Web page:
EVERY once in a while a show comes along that reminds you of TV's potential for helping kids. It almost always happens on public TV, since broadcasting's duty to the young has been historically slighted by commercial stations and largely ignored by government agencies.
The show in question is not always a watershed event, and it isn't in the case of ''The Magic School Bus,'' a weekly science adventure program -- with the stress on ''adventure'' -- premiring Sunday (check local listings). But that show is PBS's first fully animated series, and it represents something all too rare on broadcast TV these days: a lively teaching tool that manages to be modestly entertaining as it informs.
Based on the Scholastic Books series by Joanna Cole and Bruce Degen, the 30-minute feature uses the school bus of the title to take a classroom of kids on hair-raising fantasy trips, fact-laden field trips of the imagination -- to places like outer space and inside the human body. In the first episode, a boy named Arnold is bugged at school by his know-it-all cousin Janet. Arnold is usually scared stiff at the prospect of the magic bus's wild treks, but to prove something to Janet, he finally gets the teac her, Ms. Frizzle, to turn the bus into a spaceship for a tour of the solar system.
Ms. Frizzle is only too willing, since half the format rests on her manic penchant for taking kids where the action is instead of merely telling them about things. ''Please let this be a normal field trip,'' Arnold says at one point. ''With the Frizz?'' his classmates respond. ''No way.''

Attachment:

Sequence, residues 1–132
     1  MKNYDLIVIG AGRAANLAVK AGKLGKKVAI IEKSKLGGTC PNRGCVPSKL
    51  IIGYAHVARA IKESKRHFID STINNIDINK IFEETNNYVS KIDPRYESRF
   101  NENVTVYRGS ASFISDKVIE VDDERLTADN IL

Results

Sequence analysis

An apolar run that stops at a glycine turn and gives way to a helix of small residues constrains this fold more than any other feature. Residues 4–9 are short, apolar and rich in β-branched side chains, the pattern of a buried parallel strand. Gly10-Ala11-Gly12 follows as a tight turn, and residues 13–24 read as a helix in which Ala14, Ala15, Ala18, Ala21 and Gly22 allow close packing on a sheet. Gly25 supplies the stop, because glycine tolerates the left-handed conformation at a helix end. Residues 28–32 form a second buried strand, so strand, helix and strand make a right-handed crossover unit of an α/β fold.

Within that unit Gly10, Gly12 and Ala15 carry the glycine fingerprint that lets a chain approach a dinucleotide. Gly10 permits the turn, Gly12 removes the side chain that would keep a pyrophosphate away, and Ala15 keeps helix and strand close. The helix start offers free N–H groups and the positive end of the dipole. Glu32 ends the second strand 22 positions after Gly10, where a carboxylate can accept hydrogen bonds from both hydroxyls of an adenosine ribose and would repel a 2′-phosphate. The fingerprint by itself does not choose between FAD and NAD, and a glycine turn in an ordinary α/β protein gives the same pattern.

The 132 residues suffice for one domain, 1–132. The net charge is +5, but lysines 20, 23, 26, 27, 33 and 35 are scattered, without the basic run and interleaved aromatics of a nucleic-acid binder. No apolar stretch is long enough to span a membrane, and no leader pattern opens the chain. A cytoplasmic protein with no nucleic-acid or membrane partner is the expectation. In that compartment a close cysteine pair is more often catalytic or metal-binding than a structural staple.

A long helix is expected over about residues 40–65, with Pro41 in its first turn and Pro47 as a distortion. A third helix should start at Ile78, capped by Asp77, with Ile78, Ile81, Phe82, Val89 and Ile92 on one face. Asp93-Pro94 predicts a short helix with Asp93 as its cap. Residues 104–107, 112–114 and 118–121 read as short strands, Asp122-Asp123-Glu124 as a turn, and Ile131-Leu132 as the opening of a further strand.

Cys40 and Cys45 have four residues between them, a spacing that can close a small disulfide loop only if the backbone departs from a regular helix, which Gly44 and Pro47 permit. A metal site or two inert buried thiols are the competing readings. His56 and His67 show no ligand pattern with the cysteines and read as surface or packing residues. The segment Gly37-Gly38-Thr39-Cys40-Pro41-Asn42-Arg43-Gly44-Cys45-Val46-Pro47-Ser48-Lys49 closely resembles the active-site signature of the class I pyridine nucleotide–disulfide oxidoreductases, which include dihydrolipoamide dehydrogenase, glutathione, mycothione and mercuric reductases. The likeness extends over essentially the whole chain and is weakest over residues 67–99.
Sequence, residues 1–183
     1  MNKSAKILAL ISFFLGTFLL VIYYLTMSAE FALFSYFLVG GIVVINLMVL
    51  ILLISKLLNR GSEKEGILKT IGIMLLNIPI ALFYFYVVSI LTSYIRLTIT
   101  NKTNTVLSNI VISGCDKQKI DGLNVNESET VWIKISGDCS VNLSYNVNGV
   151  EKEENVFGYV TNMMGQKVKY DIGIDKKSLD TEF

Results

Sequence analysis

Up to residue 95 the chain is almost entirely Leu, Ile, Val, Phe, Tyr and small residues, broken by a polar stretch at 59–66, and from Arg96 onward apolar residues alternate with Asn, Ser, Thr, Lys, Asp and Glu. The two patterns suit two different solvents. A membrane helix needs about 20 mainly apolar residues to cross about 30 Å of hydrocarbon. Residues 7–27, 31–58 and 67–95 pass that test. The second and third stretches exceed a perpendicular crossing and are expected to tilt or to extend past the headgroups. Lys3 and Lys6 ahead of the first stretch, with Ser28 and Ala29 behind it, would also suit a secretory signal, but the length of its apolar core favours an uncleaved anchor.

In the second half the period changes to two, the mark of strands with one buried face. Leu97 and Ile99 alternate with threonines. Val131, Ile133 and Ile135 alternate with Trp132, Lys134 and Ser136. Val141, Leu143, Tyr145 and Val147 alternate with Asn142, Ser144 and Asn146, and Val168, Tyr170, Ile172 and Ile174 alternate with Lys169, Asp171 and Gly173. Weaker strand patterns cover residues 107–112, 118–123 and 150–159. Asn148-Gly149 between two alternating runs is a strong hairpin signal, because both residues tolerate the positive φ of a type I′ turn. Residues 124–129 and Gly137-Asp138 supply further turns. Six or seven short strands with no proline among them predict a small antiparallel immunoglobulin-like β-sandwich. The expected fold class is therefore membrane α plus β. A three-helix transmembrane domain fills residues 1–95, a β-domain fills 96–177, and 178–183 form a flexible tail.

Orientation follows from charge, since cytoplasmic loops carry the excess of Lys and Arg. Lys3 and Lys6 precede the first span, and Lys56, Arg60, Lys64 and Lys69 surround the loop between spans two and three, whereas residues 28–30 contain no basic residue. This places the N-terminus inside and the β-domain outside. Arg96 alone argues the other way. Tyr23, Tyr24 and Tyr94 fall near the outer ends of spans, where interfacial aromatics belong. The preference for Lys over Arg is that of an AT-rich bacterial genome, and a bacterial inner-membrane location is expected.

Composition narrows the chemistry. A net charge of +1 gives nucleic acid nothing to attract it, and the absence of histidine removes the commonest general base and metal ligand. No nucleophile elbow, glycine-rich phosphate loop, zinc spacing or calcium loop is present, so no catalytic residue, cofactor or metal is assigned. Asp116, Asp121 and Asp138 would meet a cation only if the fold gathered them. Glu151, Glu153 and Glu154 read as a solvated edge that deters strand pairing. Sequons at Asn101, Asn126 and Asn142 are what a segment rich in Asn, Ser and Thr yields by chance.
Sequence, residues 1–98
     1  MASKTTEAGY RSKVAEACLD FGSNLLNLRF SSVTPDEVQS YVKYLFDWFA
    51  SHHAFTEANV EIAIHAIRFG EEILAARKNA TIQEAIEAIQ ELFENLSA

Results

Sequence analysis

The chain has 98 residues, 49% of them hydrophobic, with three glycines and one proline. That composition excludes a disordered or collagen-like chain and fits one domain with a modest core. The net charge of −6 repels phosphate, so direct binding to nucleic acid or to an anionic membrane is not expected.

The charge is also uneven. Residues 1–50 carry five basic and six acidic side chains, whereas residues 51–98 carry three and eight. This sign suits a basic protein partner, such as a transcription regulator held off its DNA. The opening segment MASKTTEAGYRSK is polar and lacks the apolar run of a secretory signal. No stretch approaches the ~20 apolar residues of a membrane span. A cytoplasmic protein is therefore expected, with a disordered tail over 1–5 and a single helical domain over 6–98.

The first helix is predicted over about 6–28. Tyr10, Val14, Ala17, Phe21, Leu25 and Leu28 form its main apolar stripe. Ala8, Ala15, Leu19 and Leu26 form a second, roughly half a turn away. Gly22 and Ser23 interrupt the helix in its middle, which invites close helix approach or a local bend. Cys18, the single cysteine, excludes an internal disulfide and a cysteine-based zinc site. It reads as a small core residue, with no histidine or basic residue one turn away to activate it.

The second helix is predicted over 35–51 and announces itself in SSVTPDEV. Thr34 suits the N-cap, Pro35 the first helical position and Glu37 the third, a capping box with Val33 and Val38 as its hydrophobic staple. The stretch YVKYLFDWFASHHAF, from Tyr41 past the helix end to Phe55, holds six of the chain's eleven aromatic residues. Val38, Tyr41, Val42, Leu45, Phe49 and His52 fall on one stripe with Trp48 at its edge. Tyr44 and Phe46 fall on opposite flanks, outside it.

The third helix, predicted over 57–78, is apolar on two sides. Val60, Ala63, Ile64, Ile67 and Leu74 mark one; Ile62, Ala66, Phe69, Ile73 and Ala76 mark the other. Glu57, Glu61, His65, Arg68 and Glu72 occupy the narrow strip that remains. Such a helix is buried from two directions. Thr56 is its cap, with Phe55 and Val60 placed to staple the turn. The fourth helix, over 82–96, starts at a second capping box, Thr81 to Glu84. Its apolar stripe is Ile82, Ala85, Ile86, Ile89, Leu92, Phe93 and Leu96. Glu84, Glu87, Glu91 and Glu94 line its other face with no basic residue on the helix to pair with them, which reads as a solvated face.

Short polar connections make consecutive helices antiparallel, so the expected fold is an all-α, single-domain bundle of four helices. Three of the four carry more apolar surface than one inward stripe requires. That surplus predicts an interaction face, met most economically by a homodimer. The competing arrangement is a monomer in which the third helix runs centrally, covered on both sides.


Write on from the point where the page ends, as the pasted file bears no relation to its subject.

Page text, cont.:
Ms. Frizzle's voice is supplied by Lily Tomlin (many of the voices belong to well-known performers) and her comic energy and intelligence are part of the program's main appeal: a tone of risk-taking in pursuit of knowledge, a call to kids to drop their fears and plunge into the quest. The new show may not have quite the Elizabethan love of words for words' sake that the ''Electric Company'' did on PBS, or the magic (despite its title) of ''Sesame Street.'' But it does have that same heady feeling of absorb ing new ideas. You hear it not only in Tomlin's voice as she blithely plunges her students into strange new worlds, but also in the excited reactions of the class and the students' pointed questions as they encounter planets in the solar systems -- or, in later episodes, sound waves and predatory animals. The impact is positively exhilarating when the kids and Ms. Frizzle visit Mars and leap off a steep cliff, crying out in delight and discovery as they float down in the lesser gravity of that planet.
You also feel that vibrancy in the animation itself. The images are almost Grandma Moses-ish in their folksiness, yet the action is fast-paced, like commercials or music videos -- mercurial, excitable, impatient with the status quo and ever ready to interrupt and cut to the next scene. Sometimes the screen is a kaleidoscope that fragments into scattered dabs of color, then re-forms.
Although Ms. Frizzle is up front about her true intentions as a teacher, the show makes its points without being ponderous. It may not slip lessons in sideways, with the almost subliminal indirection of ''Sesame Street,'' yet ''The Magic School Bus'' gets so involved in the moment at hand that a young viewer's absorption of facts is a side effect. In the first episode, when the kids are on Venus, they ask what the clouds are, and Ms. Frizzle answers sweetly, ''They're deadly poison,'' providing a scary lesson in planetary weather.
In the fifth episode, a cat's huge head thrusts between grass blades and stares at the mouse-sized humans that have been miniaturized in one of Ms. Frizzle's crazy projects. ''Let's get out of here!'' yell the kids when they see the cat, in a chorus that harks back to Pinocchio's shout when the whale prepares to swallow him. But Ms. Frizzle, an eccentric sorceress, pets the huge cat's head and starts discussing its predatory behavior.
At the end of an episode, kids would no doubt find they had learned a lot if they stopped to check. They won't. The magic school bus is too much fun for that.